Lockheed Martin's F-35: The U.S. Navy's Secret Missile Defense System?
A Marine Corps F-35B used its on-board sensors to function for the first time as a broad-area aerial relay node in an integrated fire-control weapons system designed to identify, track and destroy approaching enemy cruise missiles from distances beyond-the-horizon, service officials announced.
A Navy "desert ship" at White Sands Missile Range, N.M. designed to replicate maritime conditions, used ship-based radar to connect the F-35B sensors to detect enemy missiles at long ranges and fire an SM-6 interceptor to destroy the approaching threat.
The emerging fire-control system, called Naval Integrated Fire Control – Counter Air, or NIFC-CA, was deployed last year on a Navy cruiser serving as part of the Theodore Roosevelt Carrier Strike Group in the Arabian Gulf, Navy officials told Scout Warrior, last year.
NIFC-CA has previously operated using an E2-D Hawkeye surveillance plane as an aerial sensor node; the use of an F-35B improves the sensor technology, reach, processing speed and air maneuverability of the system; the test also assessed the ability of the system to identify and destroy air-to-air and air-to-surface targets.
"This test was a great opportunity to assess the Navy’s ability to take unrelated technologies and successfully close the fire control loop as well as merge anti-surface and anti-air weapons into a single kill web that shares common sensors, links and weapons," Anant Patel, major program manager for future combat systems in the Program Executive Office for Integrated Warfare Systems, said in a written statement.
The test was a collaborative effort across the Navy and Marine Corps, White Sands Missile Range and industry partners leveraging a U.S. Marine Corps F-35B and the U.S. Navy’s Aegis Weapon System
"This test represents the start of our exploration into the interoperability of the F-35B with other naval assets," said Lt. Col. Richard Rusnok, VMX-1 F-35B detachment officer in charge.
A multi-target ability requires some adjustments to fire-control technology, sensors and dual-missile firings; the SM-6 is somewhat unique in its ability to fire multiple weapons in rapid succession. An SM-6 is engineered with an "active seeker," meaning it can send an electromagnetic targeting "ping" forward from the missile itself - decreasing reliance on a ship-based illuminator and improving the ability to fire multiple interceptor missiles simultaneously.
Unlike an SM-3 which can be used for "terminal phase" ballistic missile defense at much farther ranges, the SM-6 can launch nearer-in offensive and defensive attacks against closer threats such as approaching enemy anti-ship cruise missiles. With an aerial sensor networked into the radar and fire control technology such as an E2-D Hawkeye surveillance plane, the system can track approaching enemy cruise missile attacks much farther away. This provide a unique, surface-warfare closer-in defensive and offensive weapons technology to complement longer range ship-based ballistic missile defense technologies.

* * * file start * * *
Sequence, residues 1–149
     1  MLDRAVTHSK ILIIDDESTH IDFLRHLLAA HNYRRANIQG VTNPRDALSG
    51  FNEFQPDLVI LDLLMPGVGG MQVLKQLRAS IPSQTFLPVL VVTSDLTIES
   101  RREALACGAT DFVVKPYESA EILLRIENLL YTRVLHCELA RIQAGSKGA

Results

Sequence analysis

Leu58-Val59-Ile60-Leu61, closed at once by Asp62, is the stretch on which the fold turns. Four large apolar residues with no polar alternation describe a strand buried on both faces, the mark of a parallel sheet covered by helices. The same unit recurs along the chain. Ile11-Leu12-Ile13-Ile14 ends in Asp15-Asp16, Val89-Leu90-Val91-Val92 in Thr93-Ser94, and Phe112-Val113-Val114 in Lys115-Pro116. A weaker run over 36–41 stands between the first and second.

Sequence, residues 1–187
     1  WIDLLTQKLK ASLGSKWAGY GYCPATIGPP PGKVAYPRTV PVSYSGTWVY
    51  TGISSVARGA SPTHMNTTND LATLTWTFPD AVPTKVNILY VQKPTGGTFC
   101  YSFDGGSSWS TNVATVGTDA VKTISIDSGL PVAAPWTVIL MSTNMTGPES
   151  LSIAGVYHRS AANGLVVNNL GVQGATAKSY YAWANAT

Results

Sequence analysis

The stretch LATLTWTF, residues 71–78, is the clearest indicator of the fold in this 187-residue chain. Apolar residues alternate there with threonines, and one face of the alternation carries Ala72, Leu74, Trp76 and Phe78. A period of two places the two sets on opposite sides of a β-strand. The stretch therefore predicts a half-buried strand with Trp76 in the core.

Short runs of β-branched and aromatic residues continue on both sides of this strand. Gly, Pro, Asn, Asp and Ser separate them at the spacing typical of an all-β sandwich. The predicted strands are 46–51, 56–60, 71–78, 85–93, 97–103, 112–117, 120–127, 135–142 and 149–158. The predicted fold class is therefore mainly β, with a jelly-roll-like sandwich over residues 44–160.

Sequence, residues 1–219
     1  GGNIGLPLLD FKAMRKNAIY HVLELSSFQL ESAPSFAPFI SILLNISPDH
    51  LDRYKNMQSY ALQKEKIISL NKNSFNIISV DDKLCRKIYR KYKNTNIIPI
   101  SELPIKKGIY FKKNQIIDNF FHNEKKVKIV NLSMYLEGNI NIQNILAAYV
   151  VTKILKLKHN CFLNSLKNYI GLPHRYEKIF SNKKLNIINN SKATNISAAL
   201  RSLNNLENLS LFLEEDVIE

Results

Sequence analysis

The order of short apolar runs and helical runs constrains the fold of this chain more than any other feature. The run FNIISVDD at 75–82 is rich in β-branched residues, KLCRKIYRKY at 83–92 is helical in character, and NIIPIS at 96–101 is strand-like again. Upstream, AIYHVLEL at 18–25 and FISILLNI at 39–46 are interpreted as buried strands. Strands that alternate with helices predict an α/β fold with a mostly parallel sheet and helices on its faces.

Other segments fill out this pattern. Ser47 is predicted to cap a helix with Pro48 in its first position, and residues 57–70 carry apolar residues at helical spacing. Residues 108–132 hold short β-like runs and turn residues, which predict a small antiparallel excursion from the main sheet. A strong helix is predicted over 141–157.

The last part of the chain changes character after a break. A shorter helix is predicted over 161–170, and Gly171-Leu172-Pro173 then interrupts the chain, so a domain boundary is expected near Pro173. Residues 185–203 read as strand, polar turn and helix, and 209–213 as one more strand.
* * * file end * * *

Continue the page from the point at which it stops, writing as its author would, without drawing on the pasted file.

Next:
Once operational, this expanded intercept ability will better defend surface ships operating in the proximity or range of enemy missiles by giving integrating an ability to destroy multiple-approaching attacks at one time.
“NIFC-CA presents the ability to extend the range of your missile and extend the reach of your sensors by netting different sensors of different platforms -- both sea-based and air-based together into one fire control system,” Capt. Mark Vandroff, DDG 51 program manager, told Scout Warrior in an interview last year.
NIFC-CA is part of an overall integrated air and missile defense high-tech upgrade now being installed and tested on existing and new DDG 51 ships called Aegis Baseline 9, Vandroff said.
The system hinges upon an upgraded ship-based radar and computer system referred to as Aegis Radar –- designed to provide defense against long-range incoming ballistic missiles from space as well as nearer-in threats such as anti-ship cruise missiles, he explained.
"Integrated air and missile defense provides the ability to defend against ballistic missiles in space while at the same time defending against air threats to naval and joint forces close to the sea,” he said.
The NIFC-CA system successfully intercepted a missile target from beyond the horizon during testing last year aboard a Navy destroyer, the USS John Paul Jones. The NIFC-CA technology can, in concept, be used for both defensive and offensive operations, Navy officials have said. Having this capability could impact discussion about a Pentagon term referred to as Anti-Acces/Area-Denial, wherein potential adversaries could use long-range weapons to threaten the U.S. military and prevent its ships from operating in certain areas -- such as closer to the coastline. Having NIFC-CA could enable surface ships, for example, to operate more successfully closer to the shore of potential enemy coastines without being deterred by the threat of long-range missiles. In particular, NIFC-CA is the kind of technology which, in tandem with other sensors and ship-based weapons, could enable a larger carrier to defend against the much-discussed Chinese DF-21D "carrier-killer" missile. The emerging DF-21D is reportedly able to strike targets as far as 900 nautical miles off shore.